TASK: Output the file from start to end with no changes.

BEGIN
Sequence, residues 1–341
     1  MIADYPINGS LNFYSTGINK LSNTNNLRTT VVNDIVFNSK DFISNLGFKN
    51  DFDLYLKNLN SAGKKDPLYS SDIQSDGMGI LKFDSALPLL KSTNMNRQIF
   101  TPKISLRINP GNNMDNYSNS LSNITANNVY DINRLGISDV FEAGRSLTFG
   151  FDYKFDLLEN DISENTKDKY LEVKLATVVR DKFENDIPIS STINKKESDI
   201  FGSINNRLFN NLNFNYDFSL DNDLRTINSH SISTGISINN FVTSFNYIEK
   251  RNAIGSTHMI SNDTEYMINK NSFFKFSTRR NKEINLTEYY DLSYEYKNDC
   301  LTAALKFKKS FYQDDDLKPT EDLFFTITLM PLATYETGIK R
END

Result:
Sequence, residues 1–341
     1  MIADYPINGS LNFYSTGINK LSNTNNLRTT VVNDIVFNSK DFISNLGFKN
    51  DFDLYLKNLN SAGKKDPLYS SDIQSDGMGI LKFDSALPLL KSTNMNRQIF
   101  TPKISLRINP GNNMDNYSNS LSNITANNVY DINRLGISDV FEAGRSLTFG
   151  FDYKFDLLEN DISENTKDKY LEVKLATVVR DKFENDIPIS STINKKESDI
   201  FGSINNRLFN NLNFNYDFSL DNDLRTINSH SISTGISINN FVTSFNYIEK
   251  RNAIGSTHMI SNDTEYMINK NSFFKFSTRR NKEINLTEYY DLSYEYKNDC
   301  LTAALKFKKS FYQDDDLKPT EDLFFTITLM PLATYETGIK R